However by engaging in them, I am distrusting the One who called me and chose me from he end of the earth. By stepping out of the process, I am saying (through my actions) that I have a better way than the Almighty

Ruthlessly eliminate anything that subtly or directly stand against (or isn’t in complete alignment with) what God has said to you – even if that has to do with eliminating staples of your life like certain routines, friendships, harmless pleasure pursuits, etc.

4. Do not let “fun” cover up your “lack.” Rather let that “lack” humble you and drive you to God. Whatever the lack might be, let it spur you to cast yourself unto God. 

In this sense, your faith (which really is submission to God) or relationship with God should never be an accessory of something nice to have or something to engage when trouble stirs.

It should be to you, what air is to your lungs and physical health, what blood is to your internal physical system, what food is to your physical energy

5. Confess your sins often to God and trusted folks around you. Confession is not for God. It isn’t because God doesn’t know what you did. It also isn’t just an official statement so that you and God are on the same page.

Confession, as is with all of God’s directive, is primarily for your benefit. It is meant to help you see where you really are, to see your need of God, the necessity of his presence and to create godly sorrow that leads to repentance (2 Cor 7:9-10)

Confession for me has been powerful as it has been quite humbling. I do not see His rebuke (no matter how painful the realization) as condemnatory. Rather I see it as mercies that have a way of making me see my wretchedness. It also helps me mediate grace unto others because I see the extent of his love

Write down your confessions and revisit them so they serve to break your heart over and over again – leading to godly sorrow and repentance. 

There are times the enemy can leverage our inner critic to put us down and we must be careful here to ensure it is God doing the search and rescue (Ps 139:23-24)

6. Engage in disciplines/practices that open you up to God. For me a couple practices help:

  1. Worship reminds me of who He is and helps me look at things through His lenses. Worship heals my heart as I recall that I am His beloved! And yes so are the other millions of His children. His love is more than enough to go around lol
  2. Scripture Meditation (actively reviewing, repeating and/or thinking about scriptures to get different views) helps me get the truth of God into me such that it becomes second nature. It’s the same way how you respond to your name anytime because you have been called that all your life – your name has been actively repeated to you for so long it is second nature for you to respond to your name, sometimes even while you are asleep
  3. Reflection helps me stay aware with what God is doing in me; of what He is weaving in and through me. With reflection, I, potentially, connect dots that I would normally not connect. It is a wonderful thing  to see the trees that make up the forest and the forest itself. Seeing the synergies between both helps you to potentially distinguish between correlation and causation, to ultimately know God, to know myself and to see that man does not live by bread alone (Deut 8:2-3). Many times you see God admonishing us to “remember” who He is, to remember who we are, to recall His deeds, our history and the journey. Reflection helps me do this. Journaling helps me capture my reflections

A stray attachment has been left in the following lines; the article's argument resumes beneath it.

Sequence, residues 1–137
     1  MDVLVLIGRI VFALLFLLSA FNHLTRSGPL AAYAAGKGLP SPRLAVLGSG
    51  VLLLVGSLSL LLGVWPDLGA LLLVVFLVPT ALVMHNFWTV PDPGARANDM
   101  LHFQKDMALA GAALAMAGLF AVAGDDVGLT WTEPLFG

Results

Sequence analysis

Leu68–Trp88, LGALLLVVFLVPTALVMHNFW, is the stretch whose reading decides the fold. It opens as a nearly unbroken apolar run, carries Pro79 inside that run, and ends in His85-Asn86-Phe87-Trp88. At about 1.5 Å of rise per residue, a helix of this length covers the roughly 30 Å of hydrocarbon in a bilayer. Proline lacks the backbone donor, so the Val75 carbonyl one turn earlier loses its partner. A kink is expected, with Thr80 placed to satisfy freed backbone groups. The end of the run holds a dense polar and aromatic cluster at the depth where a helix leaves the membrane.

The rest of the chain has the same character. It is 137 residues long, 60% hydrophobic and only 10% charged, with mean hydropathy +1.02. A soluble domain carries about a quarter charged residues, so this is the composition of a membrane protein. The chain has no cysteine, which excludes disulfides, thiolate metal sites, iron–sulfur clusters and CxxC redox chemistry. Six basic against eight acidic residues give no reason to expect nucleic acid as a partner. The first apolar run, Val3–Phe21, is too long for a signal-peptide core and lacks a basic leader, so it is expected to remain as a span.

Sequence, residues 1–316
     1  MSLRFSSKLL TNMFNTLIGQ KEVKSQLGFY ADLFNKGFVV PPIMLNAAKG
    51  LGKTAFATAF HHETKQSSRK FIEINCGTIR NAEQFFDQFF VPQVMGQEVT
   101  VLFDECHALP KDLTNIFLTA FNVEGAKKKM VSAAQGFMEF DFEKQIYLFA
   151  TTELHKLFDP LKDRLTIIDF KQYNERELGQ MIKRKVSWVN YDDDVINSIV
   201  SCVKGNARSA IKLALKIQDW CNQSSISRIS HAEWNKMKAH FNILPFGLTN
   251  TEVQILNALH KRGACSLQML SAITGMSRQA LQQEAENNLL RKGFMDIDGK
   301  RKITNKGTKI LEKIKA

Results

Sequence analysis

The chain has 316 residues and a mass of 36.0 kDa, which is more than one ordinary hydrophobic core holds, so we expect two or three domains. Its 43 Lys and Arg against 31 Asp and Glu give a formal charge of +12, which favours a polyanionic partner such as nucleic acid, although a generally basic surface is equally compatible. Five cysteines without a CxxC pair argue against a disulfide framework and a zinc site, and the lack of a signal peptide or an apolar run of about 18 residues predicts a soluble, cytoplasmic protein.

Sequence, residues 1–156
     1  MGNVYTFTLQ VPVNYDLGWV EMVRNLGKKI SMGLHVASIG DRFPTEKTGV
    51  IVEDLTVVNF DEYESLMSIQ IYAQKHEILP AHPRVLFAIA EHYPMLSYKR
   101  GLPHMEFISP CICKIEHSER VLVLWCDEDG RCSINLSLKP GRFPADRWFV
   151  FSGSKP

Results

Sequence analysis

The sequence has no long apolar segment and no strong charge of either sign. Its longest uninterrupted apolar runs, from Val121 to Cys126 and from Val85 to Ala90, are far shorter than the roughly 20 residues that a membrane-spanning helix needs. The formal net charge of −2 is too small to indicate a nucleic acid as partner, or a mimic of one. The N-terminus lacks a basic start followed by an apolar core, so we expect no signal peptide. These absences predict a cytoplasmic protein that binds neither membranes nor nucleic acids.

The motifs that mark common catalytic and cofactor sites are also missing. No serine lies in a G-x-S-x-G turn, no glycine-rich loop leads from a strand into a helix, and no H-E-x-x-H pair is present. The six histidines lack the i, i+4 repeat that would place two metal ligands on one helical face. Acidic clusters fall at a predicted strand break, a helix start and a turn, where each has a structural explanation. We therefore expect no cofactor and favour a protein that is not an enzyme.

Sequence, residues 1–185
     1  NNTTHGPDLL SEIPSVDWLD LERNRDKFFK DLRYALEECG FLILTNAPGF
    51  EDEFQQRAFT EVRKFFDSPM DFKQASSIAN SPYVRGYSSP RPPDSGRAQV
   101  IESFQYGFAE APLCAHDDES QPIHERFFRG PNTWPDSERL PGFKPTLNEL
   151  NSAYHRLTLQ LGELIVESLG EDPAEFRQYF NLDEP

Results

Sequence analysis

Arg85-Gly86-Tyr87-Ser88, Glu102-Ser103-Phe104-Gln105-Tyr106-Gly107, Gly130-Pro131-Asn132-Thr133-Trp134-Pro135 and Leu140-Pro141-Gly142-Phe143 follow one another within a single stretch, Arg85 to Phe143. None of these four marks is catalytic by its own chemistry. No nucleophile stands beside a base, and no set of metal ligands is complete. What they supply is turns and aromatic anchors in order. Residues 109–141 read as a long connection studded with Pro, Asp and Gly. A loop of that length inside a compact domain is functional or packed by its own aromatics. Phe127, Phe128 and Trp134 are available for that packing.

This piece is not meant to glorify pain or encourage silly acts that leads to pain. This is also not meant to minimize anyone’s trials or make it seem like it is walk in the park. Not at all. Quite frankly, to come out refined you will have to truly rely on God. It is no mistake that apostles felt they were under the sentence of death in 2 Cor 1:8-9

While it is easy to think all the above applies to circumstances beyond your control. I believe it does also apply to situations you brought on yourself, where your mistakes have brought affliction on you

For those going through rough times, I leave you with the words  below for you to see and know you are in good company. May grace be multiplied to you for the sake of Christ:

For it has been granted to you that for the sake of Christ you should not only believe in him but also suffer for his sake (Phil 1:29)

When they had preached the gospel to that city and had made many disciples, they returned to Lystra and to Iconium and to Antioch, strengthening the souls of the disciples, encouraging them to continue in the faith, and saying that through many tribulations we must enter the kingdom of God (Acts 14:21-22)

Indeed, all who desire to live a godly life in Christ Jesus will be persecuted (2 Tim 3:12)

Beloved, do not be surprised at the fiery ordeal among you, which comes upon you for your testing, as though some strange thing were happening to you; but to the degree that you share the sufferings of Christ, keep on rejoicing, so that also at the revelation of His glory you may rejoice with exultation. If you are reviled for the name of Christ, you are blessed, because the Spirit of glory and of God rests on you (1 Peter 4:12-16)

Count it all joy, my brothers, when you meet trials of various kinds, for you know that the testing of your faith produces steadfastness. And let steadfastness have its full effect, that you may be perfect and complete, lacking in nothing. (James 1:2-4)